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Grant

Augmentation to Ensure a Successful ATOMMS Demonstration and Evaluation

Sponsored by National Science Foundation

$1.3M Funding
2 People
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Abstract

This project involves the design, development and integration of a new active limb sounding method modeled after the successful Global Positioning System (GPS) Radio Occultation (RO) sounding technique. The difference is that the new method is not constrained to operate with radio frequency sources specifically allocated for GPS applications. Instead, source frequencies in the microwave are chosen relatively close to atmospheric absorption lines in order to maximize detection of single atmospheric constituents, such as water vapor. Both sender and receiver operate on those frequencies. The operational concept is low Earth orbiting (LEO) satellite platforms flying both transmitter and receiver, each occulting one another. The project is called The Active Temperature, Ozone and Moisture Microwave Spectrometer (ATOMMS). In theory, ATOMMS will profile tropospheric and middle atmosphere water vapor and middle atmosphere ozone to 1-5%, temperature to 0.5K, and geopotential heights to 10-20 m, all with ~200 m vertical resolution, in both clear and cloudy air. This performance will improve significantly with averaging. ATOMMS is self-calibrating, which eliminates long-term drift. The success of this project is a necessary step toward space-based LEO ATOMMS measurements. The Principal Investigator (PI) is modifying his earlier ATOMMS design by increasing the number of high band tones from 2 to 4, upgrading the instrument electronics and making commensurate changes in the retrieval system. These upgrades will provide the information needed to isolate, quantify and mitigate several recently recognized key sources of error. With 4 high band tones, the PI will be able to investigate and hopefully explain any discrepancies and surprises that are to be expected in a first time measurement demonstration such as this. Specifically, the 4 high band tones will provide the information to (i) isolate and reduce amplitude scintillations due to turbulent fluctuations in the imaginary and real refractivity, (ii) quantify and reduce residual biases left after incomplete removal of ice cloud scattering using only two tones, and (iii) quantify errors in spectroscopy that are otherwise likely to limit the accuracy of ATOMMS-derived profiles. In addition, 4 high band tones will increase the likelihood of acquiring useful measurements even if a tone were to fail during a flight and allow the PI to demonstrate profiling N2O and H3NO and the 18O/16O isotopic ratio of water vapor. Without the information from four channels of high band data in the aircraft to aircraft demonstrations the PI would be unable to quantify several critical errors leaving the assessment of ATOMMS incomplete and its ultimate performance uncertain. ATOMMS observations will fulfill crucial needs for atmospheric, climate and geospace scientists, by providing new sources of global, high vertical resolution, highly stable and accurate data important to their research. The observations will serve mission agencies in weather and chemical weather forecasting and would be a key element in the international Global Climate Observing System (GCOS). In regard to education and training, several junior scientists, including the co-PI, will help to conduct this research.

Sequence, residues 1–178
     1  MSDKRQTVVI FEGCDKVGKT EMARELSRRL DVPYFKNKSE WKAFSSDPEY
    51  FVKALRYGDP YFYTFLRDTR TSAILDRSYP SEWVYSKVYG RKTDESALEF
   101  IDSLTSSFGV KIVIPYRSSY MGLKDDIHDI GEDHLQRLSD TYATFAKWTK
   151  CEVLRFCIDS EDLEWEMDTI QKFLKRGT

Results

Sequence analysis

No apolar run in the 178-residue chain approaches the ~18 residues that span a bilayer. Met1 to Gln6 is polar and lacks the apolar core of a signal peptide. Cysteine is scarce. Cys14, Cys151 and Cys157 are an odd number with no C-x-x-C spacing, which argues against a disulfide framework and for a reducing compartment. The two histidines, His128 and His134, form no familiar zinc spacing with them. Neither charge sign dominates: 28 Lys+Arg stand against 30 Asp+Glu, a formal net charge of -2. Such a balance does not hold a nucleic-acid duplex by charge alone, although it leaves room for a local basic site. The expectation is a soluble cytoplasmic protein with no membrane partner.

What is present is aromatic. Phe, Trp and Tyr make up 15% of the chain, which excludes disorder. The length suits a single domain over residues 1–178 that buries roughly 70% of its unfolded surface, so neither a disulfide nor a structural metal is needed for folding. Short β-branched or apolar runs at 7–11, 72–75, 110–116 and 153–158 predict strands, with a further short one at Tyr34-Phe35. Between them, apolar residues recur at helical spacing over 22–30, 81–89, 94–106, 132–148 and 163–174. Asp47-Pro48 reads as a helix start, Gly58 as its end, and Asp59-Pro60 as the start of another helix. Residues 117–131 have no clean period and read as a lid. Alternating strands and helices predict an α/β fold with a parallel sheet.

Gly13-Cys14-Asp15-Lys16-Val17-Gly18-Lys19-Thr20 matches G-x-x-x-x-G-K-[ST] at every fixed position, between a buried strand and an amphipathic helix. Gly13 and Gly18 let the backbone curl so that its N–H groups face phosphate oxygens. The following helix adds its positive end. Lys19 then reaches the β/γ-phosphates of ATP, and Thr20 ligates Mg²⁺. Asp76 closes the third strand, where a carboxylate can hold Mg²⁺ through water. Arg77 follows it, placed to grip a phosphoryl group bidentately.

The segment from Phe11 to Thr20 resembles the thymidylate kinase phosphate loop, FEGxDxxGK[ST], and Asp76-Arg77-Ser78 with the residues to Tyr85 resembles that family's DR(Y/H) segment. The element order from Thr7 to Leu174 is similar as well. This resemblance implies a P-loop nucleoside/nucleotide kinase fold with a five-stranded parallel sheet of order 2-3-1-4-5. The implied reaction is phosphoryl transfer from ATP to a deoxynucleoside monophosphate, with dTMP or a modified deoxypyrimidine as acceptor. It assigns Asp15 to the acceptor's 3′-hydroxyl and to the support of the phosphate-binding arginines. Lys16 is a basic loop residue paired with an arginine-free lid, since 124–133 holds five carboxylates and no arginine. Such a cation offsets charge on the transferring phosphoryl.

People